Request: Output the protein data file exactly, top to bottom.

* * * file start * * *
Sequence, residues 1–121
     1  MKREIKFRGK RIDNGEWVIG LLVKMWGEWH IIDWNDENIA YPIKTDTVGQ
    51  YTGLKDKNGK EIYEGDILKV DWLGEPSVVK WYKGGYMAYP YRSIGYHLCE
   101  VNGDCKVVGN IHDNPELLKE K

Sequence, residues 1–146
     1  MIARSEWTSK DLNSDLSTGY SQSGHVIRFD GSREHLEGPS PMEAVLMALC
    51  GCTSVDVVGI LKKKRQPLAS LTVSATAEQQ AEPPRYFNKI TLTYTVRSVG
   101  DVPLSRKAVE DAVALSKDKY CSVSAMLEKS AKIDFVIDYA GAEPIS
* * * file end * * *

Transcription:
Sequence, residues 1–121
     1  MKREIKFRGK RIDNGEWVIG LLVKMWGEWH IIDWNDENIA YPIKTDTVGQ
    51  YTGLKDKNGK EIYEGDILKV DWLGEPSVVK WYKGGYMAYP YRSIGYHLCE
   101  VNGDCKVVGN IHDNPELLKE K

Sequence, residues 1–146
     1  MIARSEWTSK DLNSDLSTGY SQSGHVIRFD GSREHLEGPS PMEAVLMALC
    51  GCTSVDVVGI LKKKRQPLAS LTVSATAEQQ AEPPRYFNKI TLTYTVRSVG
   101  DVPLSRKAVE DAVALSKDKY CSVSAMLEKS AKIDFVIDYA GAEPIS